Yes, we know that the Wildcats have played at a higher level in the postseason, but let’s not forget that they almost lost to the Shockers – a team with multiple guards that can handle the ball and shoot from beyond the arc. And what is Michigan’s strength? Not a complete coincidence, but similar to the Shockers, they have multiple guys who can handle the ball with ease and can drill the long-range shot if given a chance. Imagine Nik Stauskas and Caris LeVert moving the ball horizontally in the half-court and forcing the Harrison twins to not only keep up with them, but also keep eye out for Derrick Walton and Glenn Robinson III on the perimeter.While Randle could dominate on the offensive end, his defensive skills will be tested against four guards who can dribble their way into the paint easily. Will he be able to stay out of foul trouble as Stauskas and LeVert drive the lane off the screens? Even if he gets into foul trouble in the first half and has to ride the pine for 5-6 minutes, it will give the Michigan guards an opportunity to stay ahead. Remember, against the Shockers, the Kentucky backcourt had no answer for Cleanthony Early and Ron Baker off the screens. That could happen again on this afternoon.

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Derrick Walton Jr. is Coming Into His Own at Michigan

Posted by Deepak Jayanti (@dee_b1g) on February 15th, 2014

During the era of super freshmen in college basketball, we rarely try to understand how much they can grow over the course of the season. After all, 18- and 19-year-olds will take some time to adjust to the tempo and athleticism of the game. With Jabari Parker, Andrew Wiggins, Julius Randle and Tyler Ennis dominating the headlines with their regularly impressive performances, it is easy to forget about some of the other freshmen who have stepped up their games during conference play after an initial period of adjustment. Derrick Walton Jr., Michigan’s rookie point guard, is one such example. Forget filling Trey Burke’s shoes in the Michigan offense; Walton doesn’t need to be the same player. But he has shown glimpses of his ability to run the team in recent weeks, averaging a solid 10.6 PPG and 4.o APG in the Wolverines’ last five games. We wrote back in November about the need for Nik Stauskas to step up as the lead guard because the offense was flailing during the non-conference season, but Walton now appears to be firmly in control as the primary initiator of the offense and a sparkplug in the open court.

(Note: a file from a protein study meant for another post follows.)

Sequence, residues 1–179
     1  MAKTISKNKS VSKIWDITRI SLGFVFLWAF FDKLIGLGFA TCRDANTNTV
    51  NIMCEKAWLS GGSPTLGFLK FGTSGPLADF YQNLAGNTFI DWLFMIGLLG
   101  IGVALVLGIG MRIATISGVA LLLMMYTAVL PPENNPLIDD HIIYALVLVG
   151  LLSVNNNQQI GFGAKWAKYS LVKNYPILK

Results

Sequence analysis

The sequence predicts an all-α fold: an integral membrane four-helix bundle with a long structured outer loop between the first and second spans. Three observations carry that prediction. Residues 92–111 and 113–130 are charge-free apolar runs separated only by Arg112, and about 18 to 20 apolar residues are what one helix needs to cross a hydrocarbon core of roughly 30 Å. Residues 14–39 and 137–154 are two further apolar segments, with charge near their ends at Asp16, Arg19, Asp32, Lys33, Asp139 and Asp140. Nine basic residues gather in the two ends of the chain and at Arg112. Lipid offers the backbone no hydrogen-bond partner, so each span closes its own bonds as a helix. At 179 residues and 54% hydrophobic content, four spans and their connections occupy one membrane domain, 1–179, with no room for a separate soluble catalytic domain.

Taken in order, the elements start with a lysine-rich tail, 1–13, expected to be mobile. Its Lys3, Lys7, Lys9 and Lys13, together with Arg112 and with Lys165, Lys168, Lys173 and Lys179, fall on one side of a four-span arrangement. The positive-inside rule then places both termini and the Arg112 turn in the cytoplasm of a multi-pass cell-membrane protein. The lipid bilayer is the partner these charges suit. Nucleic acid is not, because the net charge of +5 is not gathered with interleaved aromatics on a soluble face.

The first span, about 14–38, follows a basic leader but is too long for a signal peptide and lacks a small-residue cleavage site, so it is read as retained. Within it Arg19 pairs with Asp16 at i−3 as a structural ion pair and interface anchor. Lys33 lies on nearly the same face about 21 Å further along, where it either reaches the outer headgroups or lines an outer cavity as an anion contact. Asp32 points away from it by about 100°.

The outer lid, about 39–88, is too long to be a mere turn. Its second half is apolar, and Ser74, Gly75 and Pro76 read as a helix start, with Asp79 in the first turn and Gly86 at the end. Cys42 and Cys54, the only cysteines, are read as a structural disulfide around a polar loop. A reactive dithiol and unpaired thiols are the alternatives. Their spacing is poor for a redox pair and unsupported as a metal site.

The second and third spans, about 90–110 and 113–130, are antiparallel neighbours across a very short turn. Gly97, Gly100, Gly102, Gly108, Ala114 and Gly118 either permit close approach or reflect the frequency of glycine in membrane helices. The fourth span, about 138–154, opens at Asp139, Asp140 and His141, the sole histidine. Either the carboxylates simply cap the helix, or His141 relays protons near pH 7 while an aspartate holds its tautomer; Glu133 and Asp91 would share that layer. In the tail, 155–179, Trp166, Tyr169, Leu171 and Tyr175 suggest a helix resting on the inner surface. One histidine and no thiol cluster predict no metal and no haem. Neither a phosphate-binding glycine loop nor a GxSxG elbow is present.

Derrick Walton Jr. has been impressive during the past two weeks. (credit: ap.org)

Derrick Walton Jr. (left) has been impressive during the past two weeks. (credit: ap.org)

Before we begin to understand his growth as a player, it is essential to recognize that Walton is a talented scorer, and compared to Burke, he actually has a quicker release on his jumper. Shooting 40 percent from long range is not too shabby, but the main difference with Burke is that he likes to be set up for shots instead of creating them off the dribble. The most impressive part of his game is his ability to get to the basket off of screens. He’s always had great talent, but it has taken him a while to understand his role in the offense considering the strengths and versatility of Michigan’s wings, Stauskas and Caris LeVert.

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Evaluating Devyn Marble’s Offense: This Season Versus Last

Posted by Deepak Jayanti (@dee_b1g) on February 11th, 2014

On Saturday, Iowa did not waste any time in jumping out to an 11-4 lead on its way to a huge win over Michigan. Thanks to Devyn Marble’s scorching start — he nailed three shots from beyond the arc to begin the game — the senior forward ended up with 27 points and has been one of the best scorers in the country this season. Averaging 16.5 PPG is impressive on its own, but we have access to more informative statistics to understand the improvements that Marble has made in his offensive game from last year to this one. The table below shows some key differences between seasons, so let’s use the data to understand how he could turn into of the most explosive players of the postseason.